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Spiritual Confrontation or Capitulation

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When I am not obedient to the Holy Spirit’s call for spiritual confrontation, I am not just disobedient. No, I am actively engaged in spiritual capitulation. If God calls me to confrontation and I refuse, then I have just capitulated to the enemy. It is almost horrifying to be so uncompromising in a world that shuns absolutes, but there is no way around this. After reading Carole’s post yesterday in defense of the great Love behind confrontation, I was also reminded of what’s at stake.

Consequences for Spiritual Confrontation

Giving an honest answer is like giving a kiss.
Prov. 24:26 CJB

spiritual confrontation
When you love someone, you tell them the truth—WHEN AND HOW God tells you to do so. (That’s the permanent caveat to the entirety of the Bible, so just imagine that I’m appending it to everything I say from here on out in this post.) Most of us aren’t terribly fond of spiritual confrontation, and I know at least one big reason why that is. We look at our loved ones ­– spouse, parent, child, sibling, dear friend – and we don’t see anything but them. We see their faces and imagine them contorted in anger or pain or hurt. We see their eyes and imagine them filling with tears or widening in shock. We get so stuck on the ones we love that we completely forget that it isn’t them we’re confronting.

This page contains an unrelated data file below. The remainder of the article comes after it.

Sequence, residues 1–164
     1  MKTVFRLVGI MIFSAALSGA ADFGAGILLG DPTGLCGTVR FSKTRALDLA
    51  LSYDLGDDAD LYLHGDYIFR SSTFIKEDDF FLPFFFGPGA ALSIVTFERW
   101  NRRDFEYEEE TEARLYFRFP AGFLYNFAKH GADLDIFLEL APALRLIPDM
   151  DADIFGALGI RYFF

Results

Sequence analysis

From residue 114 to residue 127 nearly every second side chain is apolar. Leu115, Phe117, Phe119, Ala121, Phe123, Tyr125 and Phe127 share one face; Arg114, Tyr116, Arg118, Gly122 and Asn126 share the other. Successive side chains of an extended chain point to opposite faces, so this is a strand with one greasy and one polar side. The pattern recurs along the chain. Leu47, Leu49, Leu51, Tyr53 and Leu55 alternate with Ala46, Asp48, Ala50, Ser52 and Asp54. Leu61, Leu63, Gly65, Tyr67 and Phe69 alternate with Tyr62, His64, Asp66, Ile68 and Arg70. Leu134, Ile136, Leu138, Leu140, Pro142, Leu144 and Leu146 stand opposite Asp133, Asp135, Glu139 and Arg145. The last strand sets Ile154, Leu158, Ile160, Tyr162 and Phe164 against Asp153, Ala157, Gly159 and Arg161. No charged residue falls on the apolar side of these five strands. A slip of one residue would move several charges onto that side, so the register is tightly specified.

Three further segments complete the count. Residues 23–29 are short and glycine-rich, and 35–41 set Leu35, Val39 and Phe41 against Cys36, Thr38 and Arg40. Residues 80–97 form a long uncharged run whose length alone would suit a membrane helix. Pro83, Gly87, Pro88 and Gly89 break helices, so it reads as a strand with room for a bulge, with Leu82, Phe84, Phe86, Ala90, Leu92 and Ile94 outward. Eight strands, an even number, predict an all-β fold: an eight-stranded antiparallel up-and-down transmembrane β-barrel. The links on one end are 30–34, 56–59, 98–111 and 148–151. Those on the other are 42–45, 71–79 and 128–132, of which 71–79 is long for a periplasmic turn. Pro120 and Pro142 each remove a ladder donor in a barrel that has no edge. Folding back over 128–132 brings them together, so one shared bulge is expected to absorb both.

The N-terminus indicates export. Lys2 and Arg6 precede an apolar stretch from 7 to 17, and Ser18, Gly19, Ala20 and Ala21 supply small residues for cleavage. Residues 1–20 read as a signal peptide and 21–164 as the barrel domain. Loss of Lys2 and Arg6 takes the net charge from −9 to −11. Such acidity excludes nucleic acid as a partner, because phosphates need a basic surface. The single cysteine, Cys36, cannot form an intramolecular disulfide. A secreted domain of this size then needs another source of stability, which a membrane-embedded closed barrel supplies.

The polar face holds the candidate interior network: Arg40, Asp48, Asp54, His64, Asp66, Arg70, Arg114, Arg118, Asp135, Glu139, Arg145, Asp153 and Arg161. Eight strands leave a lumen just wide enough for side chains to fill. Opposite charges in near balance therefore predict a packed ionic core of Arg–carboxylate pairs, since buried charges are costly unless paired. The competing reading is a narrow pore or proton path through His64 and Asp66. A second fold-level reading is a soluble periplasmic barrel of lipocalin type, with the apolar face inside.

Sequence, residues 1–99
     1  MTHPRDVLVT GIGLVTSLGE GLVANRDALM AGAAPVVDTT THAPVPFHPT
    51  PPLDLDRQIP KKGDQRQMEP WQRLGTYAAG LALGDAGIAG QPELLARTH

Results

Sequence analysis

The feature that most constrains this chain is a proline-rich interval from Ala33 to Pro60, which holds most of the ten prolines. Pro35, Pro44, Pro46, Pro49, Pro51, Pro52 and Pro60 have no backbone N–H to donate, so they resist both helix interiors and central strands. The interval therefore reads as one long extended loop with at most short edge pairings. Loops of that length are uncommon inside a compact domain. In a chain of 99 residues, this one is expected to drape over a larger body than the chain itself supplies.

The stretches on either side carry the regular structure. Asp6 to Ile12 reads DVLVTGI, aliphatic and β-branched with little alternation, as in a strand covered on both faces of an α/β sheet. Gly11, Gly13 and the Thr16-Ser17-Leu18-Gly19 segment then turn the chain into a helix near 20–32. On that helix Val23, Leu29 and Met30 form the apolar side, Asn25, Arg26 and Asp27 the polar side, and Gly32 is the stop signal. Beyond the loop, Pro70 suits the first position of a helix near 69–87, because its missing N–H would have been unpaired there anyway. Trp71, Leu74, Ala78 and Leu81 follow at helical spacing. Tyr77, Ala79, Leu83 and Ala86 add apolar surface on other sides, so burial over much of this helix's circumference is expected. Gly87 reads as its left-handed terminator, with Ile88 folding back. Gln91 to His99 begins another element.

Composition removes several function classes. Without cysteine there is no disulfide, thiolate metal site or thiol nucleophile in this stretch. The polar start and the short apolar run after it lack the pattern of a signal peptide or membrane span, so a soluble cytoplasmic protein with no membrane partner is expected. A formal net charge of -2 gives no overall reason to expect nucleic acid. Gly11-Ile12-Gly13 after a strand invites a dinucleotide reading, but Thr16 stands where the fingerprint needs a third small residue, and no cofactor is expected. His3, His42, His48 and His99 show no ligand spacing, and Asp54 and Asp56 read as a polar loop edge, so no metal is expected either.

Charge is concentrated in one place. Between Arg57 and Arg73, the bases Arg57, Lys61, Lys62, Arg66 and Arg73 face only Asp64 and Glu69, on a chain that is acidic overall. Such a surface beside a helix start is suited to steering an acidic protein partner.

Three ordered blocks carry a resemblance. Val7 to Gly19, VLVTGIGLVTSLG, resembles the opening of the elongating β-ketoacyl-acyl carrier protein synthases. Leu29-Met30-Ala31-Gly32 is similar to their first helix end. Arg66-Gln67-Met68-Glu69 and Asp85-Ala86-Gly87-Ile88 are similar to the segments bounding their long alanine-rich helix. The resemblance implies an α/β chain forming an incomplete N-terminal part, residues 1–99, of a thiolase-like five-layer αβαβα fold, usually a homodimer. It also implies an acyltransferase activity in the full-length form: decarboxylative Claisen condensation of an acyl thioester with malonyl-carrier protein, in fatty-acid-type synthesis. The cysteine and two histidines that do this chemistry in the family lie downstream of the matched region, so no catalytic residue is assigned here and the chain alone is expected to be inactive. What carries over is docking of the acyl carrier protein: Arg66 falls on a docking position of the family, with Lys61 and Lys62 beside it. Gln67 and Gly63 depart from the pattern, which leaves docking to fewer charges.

For we wrestle not against flesh and blood, but against principalities, against powers, against the rulers of the darkness of this world, against spiritual wickedness in high places.
Eph. 6:12 KJV


crucial spiritual confrontation
Instead of focusing on the person you love, see the darkness that binds them. Discern the torment they endure day in and day out, just as you once did. Remember that they are no less imprisoned than you were, and no more capable of freeing themselves either.

It is costly to confront someone that I love. There is an agony of surrender that is unavoidable, because there’s always the possibility that the relationship will not survive. And to surrender to that loss is no small thing. They could also respond with a campaign of rage and bitterness, smearing my name high and low. But none of that compares to living with the knowledge that I didn’t fight for their soul when God asked me to—how could I bear that?

Spiritual confrontation is no small thing precisely because we DO NOT wrestle with the ones we love. Maybe they choose to stay in darkness and we lose them, but even then we are God’s vindication that they do not go ignorantly into darkness. The only true defeat occurs when we concede the battle before it’s begun and surrender to an enemy that has already lost.

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